I knew this would be a controversial topic. Already the debates are breaking out on social media over the first post in the series, where I consider the Christian's relationship with law in the Hebrew Scriptures. For some, Leviticus 19:28 provides the definitive answer: NO to tattoos. Others' concern with tattoos arise from their desire to avoid worldliness.
In order for us to do this topic justice, we need to consider the purpose of the law given to ancient Israel. I tell my students every semester that the key to faithful biblical interpretation is to read each passage in its historical, literary, and theological context. Imagine that these are the three legs of a stool. If one is missing, the stool falls over! Paying attention to each of these dimensions can help us discern the purpose of the law without distorting its message.
I recall a story about a woman baking ham. She had grown up watching her mother slice both ends off the ham before baking it. She wasn't sure why, but she figured "mother knows best," so she continued the practice when she had a home of her own. One day she got curious and asked her mom the purpose of slicing off the ends. Her mom looked surprised: "Our pan wasn't long enough!" Tradition on its own is not a good reason to do things. When we don't understand the purpose, we run the risk of missing the point altogether.
It's not always possible to know the purpose behind a law in the Bible. But it's worth asking the question. In the case of the tattoo law, we have a clue right in the text itself.
Do not cut your bodies for the dead or put tattoo marks on yourselves. I am the LORD. (Lev. 19:28 NIV)
Historically speaking, it seems that the Israelites were tempted by surrounding cultures to disfigure themselves either to commemorate or maintain connection with the dead. Roy Gane explains that
"Lacerating oneself in mourning was a heightened expression of sorrow (Jer. 16:6, 41:5). In the Ugaritic Myth of Baal, when the chief god 'Ilu (El) learns that Ba'lu (Baal) is dead, he goes into paroxysms of grief that emphasize the magnitude of the catastrophe" (Zondervan Illustrated Bible Backgrounds Commentary I:315). El slices his skin with stones and razors, pours dirt and dust on himself, and wears unique clothing.
Were tattoos also associated with these distraught mourning practices? It's possible.
A similar passage found in Deuteronomy 14:1-2 offers further insight:
You are the children of the LORD your God. Do not cut yourselves or shave the front of your heads for the dead, for you are a people holy to the LORD your God. Out of all the peoples on the face of the earth, the LORD has chosen you to be his treasured possession. (Deut. 14:1-2 NIV)
Deuteronomy sheds light on the purpose of this law by explaining the motivation for obedience. Somehow, this bodily disfigurement was inconsistent with Israel's identity as the people belonging to God, YHWH's treasured possession. Some scholars think that Moses' farewell sermon in Deuteronomy 12-26 is modeled after the Ten Commandments by expanding on each one in order. If they are right, then the law against bodily disfigurement appears in the section of Deuteronomy that expands upon the Name Command (Exodus 20:7), that is, the command not to bear God's name in vain. Are you starting to see the connection?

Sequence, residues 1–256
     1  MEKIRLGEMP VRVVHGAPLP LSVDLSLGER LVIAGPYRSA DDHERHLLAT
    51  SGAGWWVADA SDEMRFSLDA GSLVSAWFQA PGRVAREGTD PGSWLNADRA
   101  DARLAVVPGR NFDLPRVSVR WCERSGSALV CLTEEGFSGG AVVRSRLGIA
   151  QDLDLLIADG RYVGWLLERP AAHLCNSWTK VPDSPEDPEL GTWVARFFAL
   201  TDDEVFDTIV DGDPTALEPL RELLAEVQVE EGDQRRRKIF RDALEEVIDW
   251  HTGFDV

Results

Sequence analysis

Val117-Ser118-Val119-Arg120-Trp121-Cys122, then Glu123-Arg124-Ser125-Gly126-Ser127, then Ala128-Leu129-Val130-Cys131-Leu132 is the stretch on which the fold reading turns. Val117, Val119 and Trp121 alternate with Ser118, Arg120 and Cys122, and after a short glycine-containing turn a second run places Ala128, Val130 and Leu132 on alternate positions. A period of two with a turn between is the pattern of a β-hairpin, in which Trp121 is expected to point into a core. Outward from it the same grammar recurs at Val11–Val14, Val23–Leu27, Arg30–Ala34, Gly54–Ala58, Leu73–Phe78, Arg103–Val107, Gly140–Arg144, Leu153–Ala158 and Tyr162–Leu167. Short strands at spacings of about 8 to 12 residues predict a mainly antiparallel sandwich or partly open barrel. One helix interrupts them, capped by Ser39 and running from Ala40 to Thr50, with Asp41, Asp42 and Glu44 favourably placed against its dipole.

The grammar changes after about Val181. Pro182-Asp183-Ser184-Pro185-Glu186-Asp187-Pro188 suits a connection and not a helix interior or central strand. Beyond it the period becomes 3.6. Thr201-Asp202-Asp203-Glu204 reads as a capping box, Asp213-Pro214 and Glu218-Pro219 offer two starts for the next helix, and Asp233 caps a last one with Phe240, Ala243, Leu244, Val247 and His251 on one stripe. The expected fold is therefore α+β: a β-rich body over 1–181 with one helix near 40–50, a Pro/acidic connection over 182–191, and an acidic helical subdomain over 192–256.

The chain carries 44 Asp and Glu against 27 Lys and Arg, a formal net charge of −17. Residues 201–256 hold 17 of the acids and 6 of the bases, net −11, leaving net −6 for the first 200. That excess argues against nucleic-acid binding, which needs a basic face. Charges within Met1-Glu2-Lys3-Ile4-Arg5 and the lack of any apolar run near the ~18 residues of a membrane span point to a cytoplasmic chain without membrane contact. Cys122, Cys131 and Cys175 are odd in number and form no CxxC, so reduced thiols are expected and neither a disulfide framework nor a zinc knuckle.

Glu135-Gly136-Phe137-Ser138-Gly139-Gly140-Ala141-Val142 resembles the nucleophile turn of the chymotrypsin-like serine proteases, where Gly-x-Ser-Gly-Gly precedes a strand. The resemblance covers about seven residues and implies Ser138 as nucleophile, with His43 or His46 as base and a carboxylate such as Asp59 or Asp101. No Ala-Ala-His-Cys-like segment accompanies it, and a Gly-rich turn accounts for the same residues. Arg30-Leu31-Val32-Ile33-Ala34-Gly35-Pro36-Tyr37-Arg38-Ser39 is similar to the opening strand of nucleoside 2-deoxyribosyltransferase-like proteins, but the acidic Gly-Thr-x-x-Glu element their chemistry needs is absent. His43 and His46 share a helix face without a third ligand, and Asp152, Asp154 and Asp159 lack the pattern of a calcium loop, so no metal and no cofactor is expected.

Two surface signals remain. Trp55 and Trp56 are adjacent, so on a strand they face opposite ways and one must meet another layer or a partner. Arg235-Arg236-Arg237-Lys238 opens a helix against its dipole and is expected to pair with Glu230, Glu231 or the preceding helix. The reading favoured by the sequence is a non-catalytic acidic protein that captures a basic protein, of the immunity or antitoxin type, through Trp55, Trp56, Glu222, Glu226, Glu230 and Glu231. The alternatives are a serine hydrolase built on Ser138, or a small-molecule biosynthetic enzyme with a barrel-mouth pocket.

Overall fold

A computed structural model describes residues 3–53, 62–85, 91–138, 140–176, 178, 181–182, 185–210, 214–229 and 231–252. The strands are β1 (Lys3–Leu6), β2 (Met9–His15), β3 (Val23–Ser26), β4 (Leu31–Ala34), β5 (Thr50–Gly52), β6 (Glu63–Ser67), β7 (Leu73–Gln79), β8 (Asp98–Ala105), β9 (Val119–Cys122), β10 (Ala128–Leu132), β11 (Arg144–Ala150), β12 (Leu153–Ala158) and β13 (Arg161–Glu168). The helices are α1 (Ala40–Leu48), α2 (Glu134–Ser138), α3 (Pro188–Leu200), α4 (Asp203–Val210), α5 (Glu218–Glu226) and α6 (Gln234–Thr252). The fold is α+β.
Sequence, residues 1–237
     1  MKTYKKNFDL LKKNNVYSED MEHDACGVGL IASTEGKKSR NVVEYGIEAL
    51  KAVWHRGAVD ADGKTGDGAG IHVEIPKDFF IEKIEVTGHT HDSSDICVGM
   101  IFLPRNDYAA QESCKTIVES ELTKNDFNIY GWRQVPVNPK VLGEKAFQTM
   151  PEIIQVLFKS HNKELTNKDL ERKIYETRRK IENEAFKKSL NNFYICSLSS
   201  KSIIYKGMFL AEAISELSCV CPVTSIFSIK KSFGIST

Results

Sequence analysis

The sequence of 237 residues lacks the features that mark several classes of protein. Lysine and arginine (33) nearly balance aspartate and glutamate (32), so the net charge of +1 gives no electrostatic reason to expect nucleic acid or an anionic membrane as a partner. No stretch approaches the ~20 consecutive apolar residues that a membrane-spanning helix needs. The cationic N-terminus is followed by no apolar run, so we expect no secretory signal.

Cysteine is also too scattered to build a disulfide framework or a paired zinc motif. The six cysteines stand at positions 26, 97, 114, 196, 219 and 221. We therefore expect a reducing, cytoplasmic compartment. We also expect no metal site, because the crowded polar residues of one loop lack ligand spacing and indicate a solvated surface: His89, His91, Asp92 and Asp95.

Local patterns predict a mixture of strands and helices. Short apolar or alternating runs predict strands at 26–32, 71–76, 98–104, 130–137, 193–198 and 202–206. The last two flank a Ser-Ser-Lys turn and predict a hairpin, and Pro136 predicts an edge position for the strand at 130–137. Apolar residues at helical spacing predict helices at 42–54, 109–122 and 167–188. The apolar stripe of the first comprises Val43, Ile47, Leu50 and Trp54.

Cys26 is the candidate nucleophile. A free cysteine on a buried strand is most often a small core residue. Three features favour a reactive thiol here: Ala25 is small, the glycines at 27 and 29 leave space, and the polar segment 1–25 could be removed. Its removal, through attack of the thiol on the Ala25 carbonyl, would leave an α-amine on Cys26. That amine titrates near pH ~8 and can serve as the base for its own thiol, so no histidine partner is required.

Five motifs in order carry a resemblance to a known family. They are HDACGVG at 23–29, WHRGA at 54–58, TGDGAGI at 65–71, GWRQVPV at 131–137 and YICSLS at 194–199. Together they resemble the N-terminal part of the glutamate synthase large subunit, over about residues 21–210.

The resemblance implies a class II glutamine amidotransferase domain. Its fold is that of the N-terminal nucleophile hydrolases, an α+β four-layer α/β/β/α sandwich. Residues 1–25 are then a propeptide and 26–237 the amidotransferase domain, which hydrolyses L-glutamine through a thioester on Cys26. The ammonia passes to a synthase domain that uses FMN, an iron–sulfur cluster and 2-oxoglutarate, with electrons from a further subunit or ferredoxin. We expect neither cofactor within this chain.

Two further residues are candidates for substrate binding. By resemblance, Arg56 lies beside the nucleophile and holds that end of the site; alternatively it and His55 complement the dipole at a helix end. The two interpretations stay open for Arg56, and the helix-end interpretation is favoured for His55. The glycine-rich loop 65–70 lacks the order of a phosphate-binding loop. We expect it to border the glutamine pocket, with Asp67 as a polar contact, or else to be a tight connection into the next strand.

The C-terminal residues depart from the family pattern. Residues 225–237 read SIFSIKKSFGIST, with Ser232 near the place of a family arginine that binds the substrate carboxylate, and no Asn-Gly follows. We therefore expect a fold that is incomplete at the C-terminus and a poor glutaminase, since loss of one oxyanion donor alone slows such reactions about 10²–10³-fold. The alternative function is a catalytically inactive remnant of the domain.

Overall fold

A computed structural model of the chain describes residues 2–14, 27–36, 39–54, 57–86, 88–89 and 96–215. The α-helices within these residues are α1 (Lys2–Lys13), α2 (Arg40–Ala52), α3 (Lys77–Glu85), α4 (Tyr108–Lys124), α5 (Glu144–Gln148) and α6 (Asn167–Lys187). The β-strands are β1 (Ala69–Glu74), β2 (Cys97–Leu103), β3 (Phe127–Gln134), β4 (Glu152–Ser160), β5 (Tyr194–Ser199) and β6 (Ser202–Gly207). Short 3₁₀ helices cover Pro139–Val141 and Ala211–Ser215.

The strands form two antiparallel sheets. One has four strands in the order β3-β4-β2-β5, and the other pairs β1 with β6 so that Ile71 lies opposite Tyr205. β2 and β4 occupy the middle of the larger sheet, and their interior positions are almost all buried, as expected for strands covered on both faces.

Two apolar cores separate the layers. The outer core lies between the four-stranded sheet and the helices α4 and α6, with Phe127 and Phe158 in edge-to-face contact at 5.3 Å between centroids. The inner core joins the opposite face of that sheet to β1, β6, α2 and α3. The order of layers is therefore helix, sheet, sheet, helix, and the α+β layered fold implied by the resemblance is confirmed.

Literally, the command appears in a chapter that covers every conceivable domain of Israelite life in order to illustrate how holiness might be expressed. The refrain is "Be holy, because I, YAHWEH your God, am holy." The point is to express the character of God in our interactions with others.
One thing we do know from the ancient context is that tattoos were used to mark slaves, either privately owned or those who served in temples. When we consider the background to the Sinai instructions, the bigger purpose becomes clearer. YHWH had rescued the Israelites from slavery to Pharaoh so that they could serve him instead. In that context, a tattoo would conflict with YHWH's claim on them and their purpose to represent him to the nations.
Theologically, this connects with the wider theme of bearing God's name, which I've written about elsewhere. In a nutshell, God's claim on Israel was like an invisible tattoo. He placed his name on them via the priestly blessing (Numbers 6:27) so that they would serve him as a kingdom of priests (Exodus 19:4-6). They were not to carry that name in vain by living like pagans (Exodus 20:7). The high priest wore a gold medallion on his forehead that announced he was "holy, belonging to YHWH" (Exodus 28:36) and the seals of the 12 tribes on his chest, which he carried before the Lord (Exodus 28:29). His uniform enabled him to represent every Israelite.
Can you see now why in that context a tattoo might obscure their God-given identity and vocation? To disfigure their bodies for the dead or tattoo themselves to indicate allegiance to another master could compromise their testimony.
This background sets us up to consider the third relevant question: what does a modern tattoo communicate? We'll tackle that question in Part 3 of this series.